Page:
From the photo, you might think this was just an ordinary pedestrian and bicycle crossing on an ordinary city street leading from an ordinary strip of city park to another ordinary strip of city park (which you can’t see because it’s behind my back).
Well, it is just that, but the extraordinary thing is that for thirty-five years (counting from the year I moved to Frankfurt; others had been waiting longer) our city fathers (and mothers) steadfastly refused to put in a crossing for us, for fear it would cause a ripple in the sacred flow of automobile traffic.
For all those years it was impossible for any of us to cross here (at Friedberger Tor, near Hessendenkmal) without taking a huge detour and waiting for six (!) separate sets of traffic lights to change.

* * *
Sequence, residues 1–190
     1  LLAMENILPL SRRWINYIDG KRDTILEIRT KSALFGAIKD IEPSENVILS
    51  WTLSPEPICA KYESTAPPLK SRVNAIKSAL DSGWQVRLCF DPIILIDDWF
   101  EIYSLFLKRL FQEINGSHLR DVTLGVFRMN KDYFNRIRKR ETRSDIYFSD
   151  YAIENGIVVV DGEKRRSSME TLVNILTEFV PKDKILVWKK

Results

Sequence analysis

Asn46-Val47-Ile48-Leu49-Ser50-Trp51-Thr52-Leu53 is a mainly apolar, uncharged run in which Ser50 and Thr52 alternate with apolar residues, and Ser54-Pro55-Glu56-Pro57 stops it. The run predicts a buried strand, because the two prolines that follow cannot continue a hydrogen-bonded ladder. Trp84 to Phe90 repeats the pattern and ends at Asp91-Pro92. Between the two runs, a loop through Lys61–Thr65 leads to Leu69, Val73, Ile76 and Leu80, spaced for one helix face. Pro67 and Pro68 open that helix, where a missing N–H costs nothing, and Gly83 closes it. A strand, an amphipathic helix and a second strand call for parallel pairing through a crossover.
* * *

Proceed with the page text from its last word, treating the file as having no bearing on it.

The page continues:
This crossing is a great improvement since it links two sections of the strip of park known as the Anlagenring, which circles the city center where the old city wall once stood — until Napoleon ordered it torn down. And for me the crossing is a big help because it is on the direct bicycle route from my home to the building where I teach.
My photo in this post is from 2005. I revised the text in 2019.
See more posts on Frankfurt am Main, Germany.